Furiosa: A Mad Max Saga – sand, sweat, and Mark Kermode’s movie review (video).

Mark Kermode, our man of many movies, is here to watch this franchise’s well-trod path to destruction in Oz with his take on the movie Furiosa: A Mad Max Saga. Watch his thoughts on this here video.

And what about us here at SFcrowsnest Towers? Read on…

Well, folks, George Miller has once again dragged us kicking and screaming into the dusty, dystopian hellscape that is the Mad Max universe. Furiosa: A Mad Max Saga, the latest installment, lands with all the subtlety of a war rig crashing through your living room. Directed, co-written, and co-produced by Miller, this film is both a spin-off and prequel to Mad Max: Fury Road (2015). And, yes, it’s as bonkers as it sounds.

A Plot Hotter Than the Wasteland Sun

The story dives into the early years of our heroine, Imperator Furiosa, portrayed by Anya Taylor-Joy, who does her best to channel the ferocity Charlize Theron brought to the role. The film opens in a barren wasteland where every drop of water and gallon of gasoline is worth its weight in gold – or human lives. Enter Warlord Dementus, played by Chris Hemsworth, who kidnaps young Furiosa and her sister, Valkyrie, with the charming intention of turning them into his personal trophies.

Furiosa, showing a knack for sabotage from a young age, tries to blow up the raiders’ bikes but ends up captured. Her mother, Mary (Charlee Fraser), follows in a futile rescue attempt that ends with her crucifixion and Furiosa’s heart-wrenching vow for revenge. You know, just a typical family day out in post-apocalyptic Australia.

A Cast to Match the Chaos

Anya Taylor-Joy is joined by Alyla Browne, who portrays Furiosa as a child, blending her features with Taylor-Joy’s through the magic of AI. Hemsworth’s Dementus is every bit the menacing warlord, while Tom Burke’s Praetorian Jack and Lachy Hulme’s Immortan Joe round out the ensemble of lunatics and tyrants vying for power.

The rest of the cast features enough muscle and machismo to make a bodybuilding convention look like a knitting circle. Nathan Jones returns as Rictus Erectus, and Angus Sampson reprises his role as the Organic Mechanic. The only thing missing is a cameo from Mad Max himself, but don’t worry, Jacob Tomuri steps in for a brief appearance.

Production Woes and Wonders

Ah, the production tales. Miller intended to film Furiosa back-to-back with Fury Road, but after several years in development hell and legal battles with Warner Bros., he finally got the green light. The film’s principal photography spanned from June to October 2022 in the wilds of Australia, complete with the usual array of high-octane stunts and special effects.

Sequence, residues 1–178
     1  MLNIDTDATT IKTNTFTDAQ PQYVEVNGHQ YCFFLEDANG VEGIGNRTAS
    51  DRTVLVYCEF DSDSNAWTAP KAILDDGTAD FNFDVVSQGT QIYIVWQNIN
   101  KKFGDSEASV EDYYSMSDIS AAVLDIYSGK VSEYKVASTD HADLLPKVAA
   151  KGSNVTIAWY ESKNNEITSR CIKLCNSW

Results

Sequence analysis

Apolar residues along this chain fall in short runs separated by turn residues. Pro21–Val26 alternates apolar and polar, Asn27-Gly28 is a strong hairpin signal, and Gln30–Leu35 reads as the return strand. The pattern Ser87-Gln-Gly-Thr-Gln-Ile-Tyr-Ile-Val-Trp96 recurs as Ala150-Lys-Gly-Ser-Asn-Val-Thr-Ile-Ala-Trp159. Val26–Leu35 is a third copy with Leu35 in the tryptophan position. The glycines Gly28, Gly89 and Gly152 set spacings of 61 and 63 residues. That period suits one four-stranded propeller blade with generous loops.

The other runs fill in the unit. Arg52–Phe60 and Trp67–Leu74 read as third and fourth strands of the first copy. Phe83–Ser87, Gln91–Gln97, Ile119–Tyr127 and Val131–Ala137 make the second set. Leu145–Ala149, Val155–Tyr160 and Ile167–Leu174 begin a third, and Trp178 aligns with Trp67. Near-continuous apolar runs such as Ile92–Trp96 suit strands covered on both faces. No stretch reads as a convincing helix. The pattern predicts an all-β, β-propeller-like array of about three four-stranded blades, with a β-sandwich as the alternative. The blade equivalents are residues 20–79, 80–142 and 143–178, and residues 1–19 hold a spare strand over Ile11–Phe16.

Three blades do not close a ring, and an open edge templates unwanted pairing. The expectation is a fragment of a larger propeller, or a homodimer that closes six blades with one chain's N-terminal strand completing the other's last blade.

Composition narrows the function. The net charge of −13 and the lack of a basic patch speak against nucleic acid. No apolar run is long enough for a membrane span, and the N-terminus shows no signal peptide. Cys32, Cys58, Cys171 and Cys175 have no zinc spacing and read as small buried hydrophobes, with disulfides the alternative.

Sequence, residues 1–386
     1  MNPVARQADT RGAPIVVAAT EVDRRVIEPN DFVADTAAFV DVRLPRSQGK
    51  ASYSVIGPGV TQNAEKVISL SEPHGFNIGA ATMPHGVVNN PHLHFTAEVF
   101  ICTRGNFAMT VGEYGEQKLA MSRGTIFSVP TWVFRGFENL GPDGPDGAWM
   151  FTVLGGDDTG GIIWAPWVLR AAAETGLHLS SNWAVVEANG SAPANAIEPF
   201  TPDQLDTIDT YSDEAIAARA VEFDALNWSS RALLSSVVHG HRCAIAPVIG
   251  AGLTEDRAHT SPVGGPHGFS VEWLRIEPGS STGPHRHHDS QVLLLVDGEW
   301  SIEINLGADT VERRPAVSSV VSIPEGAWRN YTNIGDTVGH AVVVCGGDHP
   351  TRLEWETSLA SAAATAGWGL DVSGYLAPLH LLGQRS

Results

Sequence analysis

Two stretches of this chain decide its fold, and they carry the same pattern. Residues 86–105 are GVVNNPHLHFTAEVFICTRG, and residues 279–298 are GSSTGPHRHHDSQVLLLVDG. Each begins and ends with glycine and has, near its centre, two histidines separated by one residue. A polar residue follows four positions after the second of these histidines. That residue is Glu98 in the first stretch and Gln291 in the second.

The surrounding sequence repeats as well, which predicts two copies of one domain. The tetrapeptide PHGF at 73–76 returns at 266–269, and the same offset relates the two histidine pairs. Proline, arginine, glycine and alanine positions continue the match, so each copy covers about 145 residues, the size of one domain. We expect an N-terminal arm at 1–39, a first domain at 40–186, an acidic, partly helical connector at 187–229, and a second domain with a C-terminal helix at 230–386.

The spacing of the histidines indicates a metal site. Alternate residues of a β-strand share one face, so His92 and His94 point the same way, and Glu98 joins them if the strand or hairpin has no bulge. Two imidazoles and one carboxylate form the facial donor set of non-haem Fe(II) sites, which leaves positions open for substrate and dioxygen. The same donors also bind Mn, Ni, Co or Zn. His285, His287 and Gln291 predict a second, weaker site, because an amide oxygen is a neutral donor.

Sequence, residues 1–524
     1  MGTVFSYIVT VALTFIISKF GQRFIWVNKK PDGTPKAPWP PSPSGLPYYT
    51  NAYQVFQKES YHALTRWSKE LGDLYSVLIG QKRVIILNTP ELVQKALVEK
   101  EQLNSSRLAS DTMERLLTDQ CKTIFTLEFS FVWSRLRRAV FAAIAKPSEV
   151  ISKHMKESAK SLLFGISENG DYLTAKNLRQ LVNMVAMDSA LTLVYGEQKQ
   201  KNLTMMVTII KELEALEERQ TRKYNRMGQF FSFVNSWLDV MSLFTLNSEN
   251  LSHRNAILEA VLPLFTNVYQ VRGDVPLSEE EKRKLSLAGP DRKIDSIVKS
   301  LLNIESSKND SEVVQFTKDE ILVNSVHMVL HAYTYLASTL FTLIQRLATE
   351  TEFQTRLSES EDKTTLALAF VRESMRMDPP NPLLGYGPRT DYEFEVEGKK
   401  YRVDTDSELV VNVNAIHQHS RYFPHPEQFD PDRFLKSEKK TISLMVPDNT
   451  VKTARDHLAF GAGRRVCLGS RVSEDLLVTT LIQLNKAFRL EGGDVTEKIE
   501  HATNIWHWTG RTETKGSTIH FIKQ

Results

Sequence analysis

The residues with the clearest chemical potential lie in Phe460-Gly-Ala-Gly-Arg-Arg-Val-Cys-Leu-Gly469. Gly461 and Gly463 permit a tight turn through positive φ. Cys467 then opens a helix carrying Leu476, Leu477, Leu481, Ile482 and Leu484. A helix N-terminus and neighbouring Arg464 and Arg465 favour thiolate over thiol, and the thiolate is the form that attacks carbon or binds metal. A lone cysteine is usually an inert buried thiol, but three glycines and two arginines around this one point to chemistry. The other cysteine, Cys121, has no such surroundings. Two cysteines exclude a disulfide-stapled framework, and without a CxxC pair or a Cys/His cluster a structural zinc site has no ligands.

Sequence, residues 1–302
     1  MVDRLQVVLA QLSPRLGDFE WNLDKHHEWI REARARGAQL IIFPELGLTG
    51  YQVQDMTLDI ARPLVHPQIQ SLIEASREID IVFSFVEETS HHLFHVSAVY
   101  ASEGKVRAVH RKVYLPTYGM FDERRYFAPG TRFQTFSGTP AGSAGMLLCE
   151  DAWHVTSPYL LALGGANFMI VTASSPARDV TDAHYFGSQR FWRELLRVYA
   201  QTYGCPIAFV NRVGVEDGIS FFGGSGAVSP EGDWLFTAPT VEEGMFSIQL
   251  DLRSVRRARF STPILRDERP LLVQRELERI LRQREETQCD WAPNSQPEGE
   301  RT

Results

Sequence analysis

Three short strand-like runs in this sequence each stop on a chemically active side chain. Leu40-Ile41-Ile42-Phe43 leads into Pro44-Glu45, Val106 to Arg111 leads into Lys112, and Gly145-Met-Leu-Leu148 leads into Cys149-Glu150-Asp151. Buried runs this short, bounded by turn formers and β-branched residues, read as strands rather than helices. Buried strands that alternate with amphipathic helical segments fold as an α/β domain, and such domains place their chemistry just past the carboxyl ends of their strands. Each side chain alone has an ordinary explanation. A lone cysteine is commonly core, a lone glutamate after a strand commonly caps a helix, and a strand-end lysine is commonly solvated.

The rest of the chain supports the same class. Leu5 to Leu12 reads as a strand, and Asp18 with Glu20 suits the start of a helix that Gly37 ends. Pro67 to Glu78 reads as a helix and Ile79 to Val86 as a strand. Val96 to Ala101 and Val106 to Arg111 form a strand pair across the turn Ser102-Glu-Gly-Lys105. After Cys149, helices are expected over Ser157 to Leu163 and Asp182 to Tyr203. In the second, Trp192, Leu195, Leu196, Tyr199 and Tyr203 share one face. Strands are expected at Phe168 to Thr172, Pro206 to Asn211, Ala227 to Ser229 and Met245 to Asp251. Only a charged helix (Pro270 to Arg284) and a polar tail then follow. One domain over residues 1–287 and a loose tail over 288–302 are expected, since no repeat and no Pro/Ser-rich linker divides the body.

Miller, true to form, brought back the winning team from Fury Road. Composer Tom Holkenborg (aka Junkie XL), costume designer Jenny Beavan, and editor (and Miller’s wife) Margaret Sixel all returned to ensure this film looked and sounded every bit as intense as its predecessor.

A Madcap Premise with More Action than Sense

The plot? Oh, it’s a doozy. Furiosa’s life of captivity, rebellion, and ultimate rise to power is peppered with scenes of her trying to outsmart and outfight every brute and warlord who crosses her path. Hemsworth’s Dementus is particularly unhinged, offering a performance that’s half Shakespearean villain, half Saturday morning cartoon antagonist.

From Furiosa’s ingenious escape attempts to her transformation into Immortan Joe’s top lieutenant, the film spares no detail in her gritty evolution. There’s a love story too, with Praetorian Jack (Burke), because nothing says romance like mutual survival in a wasteland.

Critical Reception: Divisive as Ever

Critics have, predictably, had a field day. Rotten Tomatoes shows an 89% approval rating, with praise for its emotional depth and relentless action sequences. Meanwhile, Metacritic’s more sober 79 suggests that some critics found the relentless onslaught a bit too much.

Pete Hammond of Deadline Hollywood hailed it as the best Mad Max screenplay ever, while Peter Bradshaw of The Guardian was effusive about Taylor-Joy’s convincing action heroine. But not everyone was won over. Owen Gleiberman of Variety found the film pretentious, and the BBC’s Nicholas Barber thought it was a sandy, sadistic slog. Ah, the sweet symphony of critical discord.

The Verdict

Furiosa: A Mad Max Saga is a film that defies easy categorization. It’s a spectacle, a relentless barrage of action and emotion that leaves you breathless, bewildered, and perhaps a bit sandy. George Miller, once again, proves he’s the mad genius of post-apocalyptic cinema, even if it means dragging us through the desert one more time. So, if you’re in the mood for two hours of adrenaline-pumping madness and aren’t afraid of a little (or a lot) of grit, buckle up and dive into the chaos. Just remember to bring your own water – you’ll need it.


Colonel Frog is a long time science fiction and fantasy fan. He loves reading novels in the field, and he also enjoys watching movies (as well as reading lots of other genre books).

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